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Woman who tried to induce abortion with coat-hanger charged with aggravated assault with a weapon

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A Tennessee woman accused of trying to induce an abortion with a coat-hanger is being charged with aggravated assault with a weapon, attempted procurement of a miscarriage and attempted criminal abortion. Amy Yocca allegedly tried to carry out an abortion at 24 weeks, filling up a bath-tub with water and trying to expel the fetus with a coat-hanger. When she started bleeding out her boyfriend took her to the hospital, where medical staff delivered a boy.

Yocca, who’s been in jail since December 2015, was initially charged with attempted first-degree murder. When a judge asked her if she understood the charges against her, she replied, “Uhh, vaguely,” reports News Channel 5.

The state of Tennessee might expect more tragedies like Yocca’s. In 2015, the state—which, by the standards of the South, allowed slightly better access to abortion—passed a strict abortion law inaugurating a series of restrictions. Women seeking abortions have to undergo in-person “counseling” and wait 48 hours, according to the Guttmacher Institute. Clinics performing more than 50 procedures have to be licensed as ambulatory surgical centers.

As Think Progress noted, both supporters and opponents of the restrictions pointed to the fact that a quarter of Tennessee abortions were sought by women in surrounding states, with anti-abortion forces decrying “abortion tourism” in the state. Pro-choice advocates and health providers pointed to a different underlying issue.

“Abortion rights in the South are going away, and it’s tragic,” Planned Parenthood of Middle and East Tennessee president Jeff Teague told the Tennessean. “We’re creating a situation where women only in certain parts of the country have access. If the abortion amendment passes, we’re likely to see similar rights disappearing here.”

Looks like that might get in the way of Donald Trump’s plan for women if Roe v. Wade is overturned—in his 60 Minutes interview with Leslie Stahl, he said of women in states that outlaw abortion, “they’ll perhaps have to go, they’ll have to go to another state.”

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‘Expect the worst’ as Trump doubles down on racist rhetoric to rile up his base: columnist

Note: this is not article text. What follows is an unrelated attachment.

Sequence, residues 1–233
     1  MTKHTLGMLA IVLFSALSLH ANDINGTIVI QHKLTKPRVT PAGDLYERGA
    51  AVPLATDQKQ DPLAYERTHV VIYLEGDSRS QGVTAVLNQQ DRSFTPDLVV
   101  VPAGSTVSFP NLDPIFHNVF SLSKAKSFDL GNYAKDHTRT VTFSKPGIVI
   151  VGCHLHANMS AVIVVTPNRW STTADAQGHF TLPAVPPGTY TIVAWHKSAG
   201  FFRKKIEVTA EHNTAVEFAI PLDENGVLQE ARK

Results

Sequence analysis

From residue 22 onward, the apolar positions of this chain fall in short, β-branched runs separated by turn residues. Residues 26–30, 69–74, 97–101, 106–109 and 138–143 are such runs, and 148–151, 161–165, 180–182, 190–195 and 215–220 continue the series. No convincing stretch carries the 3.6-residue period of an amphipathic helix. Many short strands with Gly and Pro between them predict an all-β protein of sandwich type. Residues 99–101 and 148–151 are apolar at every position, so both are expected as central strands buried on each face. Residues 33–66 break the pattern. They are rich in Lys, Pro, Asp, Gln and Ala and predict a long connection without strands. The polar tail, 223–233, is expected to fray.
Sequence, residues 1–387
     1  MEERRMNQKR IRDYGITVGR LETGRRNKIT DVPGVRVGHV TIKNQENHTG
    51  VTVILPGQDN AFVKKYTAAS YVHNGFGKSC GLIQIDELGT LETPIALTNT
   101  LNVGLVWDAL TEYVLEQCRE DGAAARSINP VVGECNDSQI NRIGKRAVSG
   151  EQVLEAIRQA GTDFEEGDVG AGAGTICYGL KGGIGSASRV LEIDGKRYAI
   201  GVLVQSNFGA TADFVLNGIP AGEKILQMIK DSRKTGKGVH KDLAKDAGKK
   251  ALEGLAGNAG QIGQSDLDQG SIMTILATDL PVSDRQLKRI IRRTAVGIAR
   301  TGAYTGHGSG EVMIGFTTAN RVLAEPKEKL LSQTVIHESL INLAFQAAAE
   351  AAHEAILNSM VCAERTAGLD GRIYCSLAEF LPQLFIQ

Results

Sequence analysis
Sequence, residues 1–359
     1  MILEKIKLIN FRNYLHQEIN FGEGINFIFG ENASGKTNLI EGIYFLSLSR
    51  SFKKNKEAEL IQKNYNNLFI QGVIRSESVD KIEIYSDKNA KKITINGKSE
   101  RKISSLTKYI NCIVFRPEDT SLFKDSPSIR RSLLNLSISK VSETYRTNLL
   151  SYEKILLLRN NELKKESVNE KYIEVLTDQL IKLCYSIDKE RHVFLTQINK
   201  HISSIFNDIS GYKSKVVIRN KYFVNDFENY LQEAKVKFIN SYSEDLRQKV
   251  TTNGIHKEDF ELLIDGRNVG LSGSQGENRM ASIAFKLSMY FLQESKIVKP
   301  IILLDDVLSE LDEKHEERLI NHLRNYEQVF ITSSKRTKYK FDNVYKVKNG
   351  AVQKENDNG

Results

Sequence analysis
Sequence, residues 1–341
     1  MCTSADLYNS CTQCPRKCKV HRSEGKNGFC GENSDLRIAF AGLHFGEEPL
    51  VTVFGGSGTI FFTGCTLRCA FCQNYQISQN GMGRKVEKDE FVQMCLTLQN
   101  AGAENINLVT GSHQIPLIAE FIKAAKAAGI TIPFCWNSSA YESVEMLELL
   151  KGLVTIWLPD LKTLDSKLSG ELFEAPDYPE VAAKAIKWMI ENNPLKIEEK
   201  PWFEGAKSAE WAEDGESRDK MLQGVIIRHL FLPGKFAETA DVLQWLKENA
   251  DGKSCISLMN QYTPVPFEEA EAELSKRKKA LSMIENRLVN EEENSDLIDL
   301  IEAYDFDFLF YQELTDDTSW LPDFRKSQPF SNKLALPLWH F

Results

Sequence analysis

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In a column for the Daily Beast, commentator and Sirius radio host Dean Obeidallah claims that all signs point to Donald Trump doubling down on racist rhetoric in an effort to rally his base as his internal polling shows him losing the key states that propelled him to the White House.

As Trump officially launches his re-election bid in Orlando on Tuesday night, Obeidallah notes Trump is falling back on what helped him appeal to disgruntled white workers in the Midwest and that he will likely ramp up attacks on undocumented immigrants -- including official actions.

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2020 Election

‘It can be hacked’: Election experts already see red flags in the Democrats’ 2020 nomination process

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The Democratic National Committee may reverse course on its plans to increase participation in 2020 presidential caucus states by offering off-site voting options—starting with telephone voting in Iowa and possibly online voting in other states.

That prospect of a reversal, at least in the early nominating caucuses, stems from growing concerns in top party circles about protecting the “integrity of the process” in a post-2016 climate, said James Roosevelt III, co-chair of the DNC Rules and Bylaws Committee.

“It is entirely possible,” said Roosevelt. “The committee is going to be looking to be convinced that it will work. I think the committee is subject to competing pressures. One is to honor Iowa’s commitment to participatory democracy. And the other is to a heightened sensitivity that did not exist four or certainly eight years ago to the integrity of the process.”

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Trump was ready to ‘blow up everything’: Biographer Michael Wolff on why Mueller didn’t indict

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It is not an easy task to discern the truth when confronting a president and his allies who have created their own reality, one in which truth and lies have no absolute meaning and are, for them, ultimately interchangeable.

Donald Trump does this on a personal level: he has lied at least 10,000 times while president.

During his recent interview with ABC's George Stephanopoulos, Donald Trump continued to lie in public, asserting that he did not try to fire special sounsel Robert Mueller. As multiple sources and witnesses agree, this is not true. Trump also asserted that he can do anything that he wants, according to the Constitution: He apparently believes he is a king or emperor. This too is a lie. The Constitution grants the president no such powers, and was drafted by the framers to stop demagogues and would-be tyrants such as Donald Trump.

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